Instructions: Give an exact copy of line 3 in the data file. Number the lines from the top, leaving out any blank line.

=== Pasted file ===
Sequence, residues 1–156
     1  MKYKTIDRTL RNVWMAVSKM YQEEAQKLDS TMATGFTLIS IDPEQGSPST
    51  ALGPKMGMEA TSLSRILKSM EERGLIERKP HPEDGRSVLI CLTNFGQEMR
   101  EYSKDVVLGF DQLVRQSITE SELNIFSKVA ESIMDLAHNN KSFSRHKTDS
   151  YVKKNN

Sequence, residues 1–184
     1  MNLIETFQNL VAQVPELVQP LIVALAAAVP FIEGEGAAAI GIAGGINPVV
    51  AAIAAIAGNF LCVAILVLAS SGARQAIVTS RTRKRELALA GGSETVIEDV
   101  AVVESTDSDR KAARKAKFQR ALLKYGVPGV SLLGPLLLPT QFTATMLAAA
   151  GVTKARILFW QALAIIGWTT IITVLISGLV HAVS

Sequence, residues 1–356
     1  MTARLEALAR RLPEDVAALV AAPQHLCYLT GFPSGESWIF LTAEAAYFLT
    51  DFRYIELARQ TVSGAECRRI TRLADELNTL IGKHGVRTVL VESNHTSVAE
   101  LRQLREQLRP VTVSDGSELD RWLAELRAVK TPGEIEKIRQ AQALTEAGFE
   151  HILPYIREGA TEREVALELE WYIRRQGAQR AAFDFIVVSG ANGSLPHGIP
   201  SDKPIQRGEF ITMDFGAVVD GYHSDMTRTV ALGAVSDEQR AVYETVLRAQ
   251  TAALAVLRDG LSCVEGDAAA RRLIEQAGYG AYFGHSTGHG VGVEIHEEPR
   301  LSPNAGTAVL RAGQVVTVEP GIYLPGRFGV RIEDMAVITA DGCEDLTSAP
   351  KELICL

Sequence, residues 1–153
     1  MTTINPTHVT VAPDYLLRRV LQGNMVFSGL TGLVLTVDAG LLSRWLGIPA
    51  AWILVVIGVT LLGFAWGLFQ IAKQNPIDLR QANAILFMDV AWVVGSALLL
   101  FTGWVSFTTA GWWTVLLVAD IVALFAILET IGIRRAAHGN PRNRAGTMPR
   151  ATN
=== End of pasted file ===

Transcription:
    51  ALGPKMGMEA TSLSRILKSM EERGLIERKP HPEDGRSVLI CLTNFGQEMR